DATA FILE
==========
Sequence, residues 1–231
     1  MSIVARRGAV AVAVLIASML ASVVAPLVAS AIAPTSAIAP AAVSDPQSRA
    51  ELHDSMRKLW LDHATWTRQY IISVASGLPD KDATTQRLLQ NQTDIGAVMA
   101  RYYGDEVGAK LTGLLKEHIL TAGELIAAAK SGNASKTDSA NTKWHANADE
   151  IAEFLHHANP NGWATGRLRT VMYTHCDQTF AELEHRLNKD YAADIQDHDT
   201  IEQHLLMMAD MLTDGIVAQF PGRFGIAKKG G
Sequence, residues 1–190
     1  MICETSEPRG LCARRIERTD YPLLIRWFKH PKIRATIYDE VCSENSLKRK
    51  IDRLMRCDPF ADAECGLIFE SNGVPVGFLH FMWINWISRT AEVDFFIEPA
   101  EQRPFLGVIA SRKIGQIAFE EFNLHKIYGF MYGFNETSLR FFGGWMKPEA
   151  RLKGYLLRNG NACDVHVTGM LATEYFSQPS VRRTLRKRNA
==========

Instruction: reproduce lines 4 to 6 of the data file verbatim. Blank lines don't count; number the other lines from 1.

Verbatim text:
   101  RYYGDEVGAK LTGLLKEHIL TAGELIAAAK SGNASKTDSA NTKWHANADE
   151  IAEFLHHANP NGWATGRLRT VMYTHCDQTF AELEHRLNKD YAADIQDHDT
   201  IEQHLLMMAD MLTDGIVAQF PGRFGIAKKG G